Any Designed Environment

Support for Autistic People (05-16-19)

Mostafa has written a classic article on how design can support the wellbeing of people on the autism spectrum; it is available without charge at the web address noted below. Mostafa’s text focuses on the post-occupancy evaluation of a pre-K-8thgrade school, but the insights shared are applicable in a much wider range of space types.  Mostafa recommends, for example that “provisions should be made for different levels of acoustical control in various rooms, so students can ‘graduate’ from one level of acoustical control to the next, slowly moving towards a typical environment. .

Body Position and the Eating Experiences (05-15-19)

Body position has been linked to eating experiences.  Investigators share that “The results of six experiments show that vestibular sensations related to posture (i.e., sitting vs. standing) influence food taste perceptions.  Specifically, standing (vs. sitting) postures induce greater physical stress on the body, which in turn decreases sensory sensitivity.  As a result, when eating in a standing (vs.

Research on Mental Refreshment (05-14-19)

A literature review conducted by a Subiza-Perez-lead team confirms that contact with natural environments is mentally refreshing.  Investigators state that “Almost four decades ago, Attention Restoration Theory and Stress Recovery Theory postulated that nature could help people to recover from the attentional fatigue and the emotional negative outcomes coming from their daily performance. . . . This paper presents a descriptive review of 19 restoration pretest-posttest field studies. . . . there is a reasonable amount of evidence supporting the main premises of ART and SRT.

Testing Environments (05-10-19)

Do the environments in which taste tests are conducted influence outcomes?  New research indicates that they do to some extent. Hannum and colleagues determined that when “red-wine consumers evaluated the same 4 wines in 3 environments—a traditional sensory booth, an immersive wine bar, and an actual wine bar. . . . at the individual level. . . On average, the greatest difference in liking scores occurred between the traditional booths and the actual wine bar . . . and was significantly greater than the difference in liking scores between the booths and immersive wine bar . . .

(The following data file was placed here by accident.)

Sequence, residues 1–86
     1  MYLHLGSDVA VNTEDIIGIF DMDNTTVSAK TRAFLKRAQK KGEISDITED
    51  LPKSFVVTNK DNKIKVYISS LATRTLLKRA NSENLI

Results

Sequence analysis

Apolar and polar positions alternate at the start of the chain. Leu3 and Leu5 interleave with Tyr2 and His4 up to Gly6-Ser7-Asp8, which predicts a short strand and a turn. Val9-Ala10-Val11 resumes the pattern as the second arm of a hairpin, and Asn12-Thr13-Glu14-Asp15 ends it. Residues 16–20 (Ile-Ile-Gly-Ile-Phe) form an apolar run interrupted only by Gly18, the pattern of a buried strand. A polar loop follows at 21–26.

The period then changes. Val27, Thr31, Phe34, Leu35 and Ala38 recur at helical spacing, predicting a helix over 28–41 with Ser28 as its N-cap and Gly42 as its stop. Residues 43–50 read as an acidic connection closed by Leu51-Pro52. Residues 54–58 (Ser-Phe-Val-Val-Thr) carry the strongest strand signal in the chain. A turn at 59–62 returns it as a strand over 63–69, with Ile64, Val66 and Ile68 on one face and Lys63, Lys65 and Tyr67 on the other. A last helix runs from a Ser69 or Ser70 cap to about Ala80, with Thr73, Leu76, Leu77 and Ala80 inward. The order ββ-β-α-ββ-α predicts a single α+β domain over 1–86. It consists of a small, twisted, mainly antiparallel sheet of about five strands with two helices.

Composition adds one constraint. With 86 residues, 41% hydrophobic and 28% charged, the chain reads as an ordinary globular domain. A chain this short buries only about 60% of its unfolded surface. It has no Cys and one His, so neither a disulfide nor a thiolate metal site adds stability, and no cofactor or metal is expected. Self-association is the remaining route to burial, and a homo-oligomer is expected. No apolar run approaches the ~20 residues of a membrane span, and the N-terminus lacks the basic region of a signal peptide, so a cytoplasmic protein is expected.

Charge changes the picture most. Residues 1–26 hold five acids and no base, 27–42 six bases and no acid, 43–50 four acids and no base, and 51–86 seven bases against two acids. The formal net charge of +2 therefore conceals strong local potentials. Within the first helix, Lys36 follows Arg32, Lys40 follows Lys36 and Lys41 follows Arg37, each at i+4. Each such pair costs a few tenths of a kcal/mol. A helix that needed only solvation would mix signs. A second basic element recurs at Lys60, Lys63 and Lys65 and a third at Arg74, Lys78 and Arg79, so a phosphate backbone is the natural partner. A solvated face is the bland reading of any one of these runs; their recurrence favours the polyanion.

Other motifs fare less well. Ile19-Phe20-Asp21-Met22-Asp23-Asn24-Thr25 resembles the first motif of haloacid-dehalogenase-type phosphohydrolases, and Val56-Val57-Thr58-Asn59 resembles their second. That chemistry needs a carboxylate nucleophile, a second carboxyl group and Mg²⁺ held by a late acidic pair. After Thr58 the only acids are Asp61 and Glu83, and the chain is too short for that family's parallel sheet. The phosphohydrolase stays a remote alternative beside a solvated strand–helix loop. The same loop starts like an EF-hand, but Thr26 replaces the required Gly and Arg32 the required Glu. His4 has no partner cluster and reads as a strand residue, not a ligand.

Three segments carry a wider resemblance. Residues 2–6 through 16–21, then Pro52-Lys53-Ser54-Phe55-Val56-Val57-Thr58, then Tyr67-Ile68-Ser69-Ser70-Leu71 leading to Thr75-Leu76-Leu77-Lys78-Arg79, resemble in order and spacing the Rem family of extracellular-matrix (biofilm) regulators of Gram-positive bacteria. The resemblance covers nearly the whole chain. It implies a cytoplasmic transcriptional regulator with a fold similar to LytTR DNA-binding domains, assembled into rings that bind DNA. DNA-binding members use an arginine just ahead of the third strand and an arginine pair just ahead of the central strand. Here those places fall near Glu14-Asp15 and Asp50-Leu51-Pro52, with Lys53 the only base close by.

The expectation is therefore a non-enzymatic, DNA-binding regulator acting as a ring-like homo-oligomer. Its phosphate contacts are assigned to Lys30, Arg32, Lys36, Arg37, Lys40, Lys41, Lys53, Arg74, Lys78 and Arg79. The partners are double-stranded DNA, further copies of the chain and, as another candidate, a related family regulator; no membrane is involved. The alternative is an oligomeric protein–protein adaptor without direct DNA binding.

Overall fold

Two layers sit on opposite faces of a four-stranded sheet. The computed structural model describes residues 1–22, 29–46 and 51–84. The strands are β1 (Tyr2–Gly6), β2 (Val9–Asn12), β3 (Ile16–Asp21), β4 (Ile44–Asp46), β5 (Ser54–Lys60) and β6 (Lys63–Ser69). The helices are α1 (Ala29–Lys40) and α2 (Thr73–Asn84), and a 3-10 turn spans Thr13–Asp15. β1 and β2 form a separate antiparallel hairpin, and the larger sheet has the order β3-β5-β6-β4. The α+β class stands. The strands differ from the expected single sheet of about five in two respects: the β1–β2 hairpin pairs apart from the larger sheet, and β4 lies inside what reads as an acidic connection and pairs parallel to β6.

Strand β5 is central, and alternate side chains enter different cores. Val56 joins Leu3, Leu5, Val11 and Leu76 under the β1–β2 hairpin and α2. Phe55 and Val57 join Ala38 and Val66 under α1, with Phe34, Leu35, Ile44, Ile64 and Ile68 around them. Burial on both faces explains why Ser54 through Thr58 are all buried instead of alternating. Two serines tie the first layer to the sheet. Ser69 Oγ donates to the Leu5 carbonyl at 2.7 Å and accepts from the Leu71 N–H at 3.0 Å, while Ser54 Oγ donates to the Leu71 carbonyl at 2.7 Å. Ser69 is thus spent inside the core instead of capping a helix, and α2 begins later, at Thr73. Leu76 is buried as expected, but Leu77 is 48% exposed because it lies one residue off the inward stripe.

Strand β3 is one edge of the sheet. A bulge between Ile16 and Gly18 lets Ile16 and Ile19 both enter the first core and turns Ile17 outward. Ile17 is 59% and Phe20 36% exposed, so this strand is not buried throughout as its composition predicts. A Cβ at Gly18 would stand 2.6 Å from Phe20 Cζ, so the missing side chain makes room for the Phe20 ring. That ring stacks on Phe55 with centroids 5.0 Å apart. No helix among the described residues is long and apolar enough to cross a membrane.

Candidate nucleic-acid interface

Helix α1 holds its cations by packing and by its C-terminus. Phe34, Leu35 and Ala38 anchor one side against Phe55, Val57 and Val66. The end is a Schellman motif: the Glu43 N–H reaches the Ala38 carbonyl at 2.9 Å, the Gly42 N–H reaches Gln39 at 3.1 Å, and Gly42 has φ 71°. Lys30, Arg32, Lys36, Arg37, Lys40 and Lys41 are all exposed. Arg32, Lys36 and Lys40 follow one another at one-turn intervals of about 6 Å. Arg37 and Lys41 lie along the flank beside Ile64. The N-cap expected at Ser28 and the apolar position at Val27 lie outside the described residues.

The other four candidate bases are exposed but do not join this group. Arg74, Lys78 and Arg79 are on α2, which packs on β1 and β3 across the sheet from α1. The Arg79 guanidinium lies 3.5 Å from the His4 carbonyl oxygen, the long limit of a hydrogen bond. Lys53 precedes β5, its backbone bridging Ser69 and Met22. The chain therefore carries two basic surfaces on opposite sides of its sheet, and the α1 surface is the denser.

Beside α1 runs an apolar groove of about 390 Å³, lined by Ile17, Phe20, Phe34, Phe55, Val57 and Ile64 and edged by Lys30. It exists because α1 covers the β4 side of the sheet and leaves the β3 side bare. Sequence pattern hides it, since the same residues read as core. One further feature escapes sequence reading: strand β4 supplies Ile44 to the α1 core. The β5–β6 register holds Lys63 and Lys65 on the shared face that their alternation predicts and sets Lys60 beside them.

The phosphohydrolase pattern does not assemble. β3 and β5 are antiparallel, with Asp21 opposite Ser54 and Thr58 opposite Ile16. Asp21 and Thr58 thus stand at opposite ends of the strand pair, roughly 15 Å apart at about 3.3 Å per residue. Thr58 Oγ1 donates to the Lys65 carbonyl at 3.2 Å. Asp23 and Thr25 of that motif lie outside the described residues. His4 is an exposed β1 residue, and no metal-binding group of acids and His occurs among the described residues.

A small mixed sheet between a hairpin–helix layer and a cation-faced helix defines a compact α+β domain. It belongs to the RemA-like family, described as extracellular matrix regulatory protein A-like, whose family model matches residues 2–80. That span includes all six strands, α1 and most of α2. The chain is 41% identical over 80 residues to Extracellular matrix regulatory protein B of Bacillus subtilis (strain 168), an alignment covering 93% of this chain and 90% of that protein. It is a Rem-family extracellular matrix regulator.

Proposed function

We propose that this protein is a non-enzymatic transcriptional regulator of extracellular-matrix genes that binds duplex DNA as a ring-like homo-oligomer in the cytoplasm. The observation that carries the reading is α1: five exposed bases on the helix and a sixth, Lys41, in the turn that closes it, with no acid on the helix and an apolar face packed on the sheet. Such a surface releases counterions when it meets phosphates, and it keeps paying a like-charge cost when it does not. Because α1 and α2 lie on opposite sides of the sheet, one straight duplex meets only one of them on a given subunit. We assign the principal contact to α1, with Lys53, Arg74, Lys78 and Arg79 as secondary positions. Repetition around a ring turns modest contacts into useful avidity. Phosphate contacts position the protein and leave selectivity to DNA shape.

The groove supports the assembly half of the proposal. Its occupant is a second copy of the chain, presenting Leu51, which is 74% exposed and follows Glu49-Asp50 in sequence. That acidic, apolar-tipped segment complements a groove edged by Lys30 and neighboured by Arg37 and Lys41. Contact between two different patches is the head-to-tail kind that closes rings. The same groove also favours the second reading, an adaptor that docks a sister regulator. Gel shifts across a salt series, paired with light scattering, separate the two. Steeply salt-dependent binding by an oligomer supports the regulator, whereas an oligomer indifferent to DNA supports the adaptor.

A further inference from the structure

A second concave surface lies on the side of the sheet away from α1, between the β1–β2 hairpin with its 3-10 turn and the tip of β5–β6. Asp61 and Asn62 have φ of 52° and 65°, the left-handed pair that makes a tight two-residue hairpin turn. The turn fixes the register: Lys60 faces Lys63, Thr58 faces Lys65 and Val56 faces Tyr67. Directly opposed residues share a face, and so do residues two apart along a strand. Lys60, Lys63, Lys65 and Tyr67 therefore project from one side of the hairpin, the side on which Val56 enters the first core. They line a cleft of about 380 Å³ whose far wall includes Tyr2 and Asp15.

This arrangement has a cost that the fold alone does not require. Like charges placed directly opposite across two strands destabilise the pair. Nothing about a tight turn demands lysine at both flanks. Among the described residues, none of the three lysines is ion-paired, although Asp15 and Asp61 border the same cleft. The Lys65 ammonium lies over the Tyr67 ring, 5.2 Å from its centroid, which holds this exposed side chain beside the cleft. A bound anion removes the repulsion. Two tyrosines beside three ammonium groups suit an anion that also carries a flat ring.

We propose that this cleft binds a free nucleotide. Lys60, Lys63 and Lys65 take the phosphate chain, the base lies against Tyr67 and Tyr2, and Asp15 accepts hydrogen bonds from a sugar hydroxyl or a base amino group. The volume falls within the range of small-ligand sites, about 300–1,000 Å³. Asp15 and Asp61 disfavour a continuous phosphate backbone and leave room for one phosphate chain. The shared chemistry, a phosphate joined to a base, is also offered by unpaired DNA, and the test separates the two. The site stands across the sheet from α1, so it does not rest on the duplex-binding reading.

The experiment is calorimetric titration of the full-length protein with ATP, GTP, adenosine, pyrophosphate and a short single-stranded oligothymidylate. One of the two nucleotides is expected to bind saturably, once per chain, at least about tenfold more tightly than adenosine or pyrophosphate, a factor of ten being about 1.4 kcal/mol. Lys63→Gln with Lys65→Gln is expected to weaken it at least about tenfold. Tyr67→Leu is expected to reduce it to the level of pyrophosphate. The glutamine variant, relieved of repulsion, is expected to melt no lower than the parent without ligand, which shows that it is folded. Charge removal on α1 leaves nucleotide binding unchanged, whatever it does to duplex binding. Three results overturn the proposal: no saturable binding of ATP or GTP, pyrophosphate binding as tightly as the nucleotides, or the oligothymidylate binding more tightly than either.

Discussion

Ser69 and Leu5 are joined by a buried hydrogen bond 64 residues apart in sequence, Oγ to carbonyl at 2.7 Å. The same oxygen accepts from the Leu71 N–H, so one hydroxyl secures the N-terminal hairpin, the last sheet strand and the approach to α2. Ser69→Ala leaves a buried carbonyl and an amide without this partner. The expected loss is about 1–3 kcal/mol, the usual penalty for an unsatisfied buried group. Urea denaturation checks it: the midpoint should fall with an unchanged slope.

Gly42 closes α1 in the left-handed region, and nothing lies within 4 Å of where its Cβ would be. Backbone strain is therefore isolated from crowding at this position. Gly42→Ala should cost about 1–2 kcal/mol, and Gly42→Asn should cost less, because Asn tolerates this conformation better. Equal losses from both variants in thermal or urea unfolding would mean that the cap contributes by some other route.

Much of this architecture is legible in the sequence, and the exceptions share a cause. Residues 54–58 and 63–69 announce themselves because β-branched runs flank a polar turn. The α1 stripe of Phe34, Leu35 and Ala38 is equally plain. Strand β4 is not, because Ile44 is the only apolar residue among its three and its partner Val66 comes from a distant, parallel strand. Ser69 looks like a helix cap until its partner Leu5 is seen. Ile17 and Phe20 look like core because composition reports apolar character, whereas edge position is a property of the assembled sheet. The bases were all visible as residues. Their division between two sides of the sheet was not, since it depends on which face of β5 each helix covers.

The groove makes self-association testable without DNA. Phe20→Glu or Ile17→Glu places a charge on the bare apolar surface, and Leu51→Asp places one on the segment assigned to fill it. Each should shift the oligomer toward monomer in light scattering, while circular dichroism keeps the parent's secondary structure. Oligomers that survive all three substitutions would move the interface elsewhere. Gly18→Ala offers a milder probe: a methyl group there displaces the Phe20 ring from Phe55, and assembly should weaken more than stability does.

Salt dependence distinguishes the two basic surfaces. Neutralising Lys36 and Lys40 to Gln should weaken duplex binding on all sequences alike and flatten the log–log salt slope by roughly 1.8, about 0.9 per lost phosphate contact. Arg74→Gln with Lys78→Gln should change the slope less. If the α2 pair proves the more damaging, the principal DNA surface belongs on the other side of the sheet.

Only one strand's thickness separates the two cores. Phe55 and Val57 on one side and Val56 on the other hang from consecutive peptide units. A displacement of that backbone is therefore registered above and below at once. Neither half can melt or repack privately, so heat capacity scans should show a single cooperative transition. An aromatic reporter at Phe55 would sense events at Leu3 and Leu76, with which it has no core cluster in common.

Scent of Vanilla and Mint (05-09-19)

Lemercier-Talbot and team probed the feelings associated with various scents.  They determined that the smell of vanilla is linked to relaxation and the scent of mint to being energized.

Anais Lemercier-Talbot, Geraldine Coppin, Donato Cereghetti, Christelle Porcherot, Isabelle Cayeux, and Sylvain Delplanque.  2019. “Measuring Automatic Associations Between Relaxing/Energizing Feelings and Odors.”  Food Quality and Preference, vol. 77, pp. 21-31, https://doi.org/10.1016/j.foodqual.2019.04.010

GPS and Navigation (05-08-19)

New evidence confirms that increasing use of GPS has implications for wayfinding systems/tools. Ruginski and colleagues report that “Research has established that GPS use negatively affects environmental learning and navigation in laboratory studies. . . .  In sum, our work suggests that GPS exerts its negative influence on spatial cognitive abilities in the long-term, building on work that has shown its negative effects on environmental learning in the short-term.”  

More Research on Asymmetry (05-06-19)

Recently published research conducted by Luffarelli, Stamatogiannakis, and Yang confirms previously reported associations to items that are asymmetrical.  The researchers report that “Five studies using a variety of experimental approaches and secondary data sets show that a visual property present in all brand logos—the degree of (a)symmetry—can interact with brand personality to affect brand equity. Specifically, compared with symmetrical logos, asymmetrical logos tend to be more arousing, leading to increased perceptions of excitement.

Odors and Food Consumption (05-03-19)

Lefebvre and Biswas studied links between environmental odors, perceived temperature, and food consumption.  They found via field and lab experiments that “the presence of a warm ambient odor (e.g., cedarwood) versus a cool ambient odor (e.g., eucalyptus) reduces the amount of calories consumed and also leads to increased choice of lower-calorie food options. This is attributable to established implicit associations formed from the human body’s innate physiological response to changes in ambient temperature. Specifically, exposure to a warm (vs.

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